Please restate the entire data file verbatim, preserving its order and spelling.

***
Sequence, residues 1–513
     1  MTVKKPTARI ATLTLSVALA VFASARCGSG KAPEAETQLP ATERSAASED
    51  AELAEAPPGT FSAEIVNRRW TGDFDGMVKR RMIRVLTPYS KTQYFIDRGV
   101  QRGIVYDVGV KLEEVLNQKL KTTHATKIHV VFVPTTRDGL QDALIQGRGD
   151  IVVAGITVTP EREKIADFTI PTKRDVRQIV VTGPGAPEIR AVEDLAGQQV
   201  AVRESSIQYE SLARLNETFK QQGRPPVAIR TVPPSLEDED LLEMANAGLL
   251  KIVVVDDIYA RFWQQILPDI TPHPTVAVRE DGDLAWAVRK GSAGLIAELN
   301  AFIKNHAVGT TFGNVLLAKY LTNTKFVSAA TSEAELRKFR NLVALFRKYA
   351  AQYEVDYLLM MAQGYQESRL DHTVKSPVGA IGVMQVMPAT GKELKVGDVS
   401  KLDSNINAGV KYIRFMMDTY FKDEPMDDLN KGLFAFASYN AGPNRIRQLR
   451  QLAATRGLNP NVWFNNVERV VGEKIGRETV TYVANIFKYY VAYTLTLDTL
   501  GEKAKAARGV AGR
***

Sequence, residues 1–513
     1  MTVKKPTARI ATLTLSVALA VFASARCGSG KAPEAETQLP ATERSAASED
    51  AELAEAPPGT FSAEIVNRRW TGDFDGMVKR RMIRVLTPYS KTQYFIDRGV
   101  QRGIVYDVGV KLEEVLNQKL KTTHATKIHV VFVPTTRDGL QDALIQGRGD
   151  IVVAGITVTP EREKIADFTI PTKRDVRQIV VTGPGAPEIR AVEDLAGQQV
   201  AVRESSIQYE SLARLNETFK QQGRPPVAIR TVPPSLEDED LLEMANAGLL
   251  KIVVVDDIYA RFWQQILPDI TPHPTVAVRE DGDLAWAVRK GSAGLIAELN
   301  AFIKNHAVGT TFGNVLLAKY LTNTKFVSAA TSEAELRKFR NLVALFRKYA
   351  AQYEVDYLLM MAQGYQESRL DHTVKSPVGA IGVMQVMPAT GKELKVGDVS
   401  KLDSNINAGV KYIRFMMDTY FKDEPMDDLN KGLFAFASYN AGPNRIRQLR
   451  QLAATRGLNP NVWFNNVERV VGEKIGRETV TYVANIFKYY VAYTLTLDTL
   501  GEKAKAARGV AGR